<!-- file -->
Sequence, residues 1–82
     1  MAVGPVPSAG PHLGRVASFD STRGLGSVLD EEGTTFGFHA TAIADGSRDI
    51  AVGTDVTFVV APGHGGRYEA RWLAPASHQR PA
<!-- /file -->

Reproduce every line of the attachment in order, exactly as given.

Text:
Sequence, residues 1–82
     1  MAVGPVPSAG PHLGRVASFD STRGLGSVLD EEGTTFGFHA TAIADGSRDI
    51  AVGTDVTFVV APGHGGRYEA RWLAPASHQR PA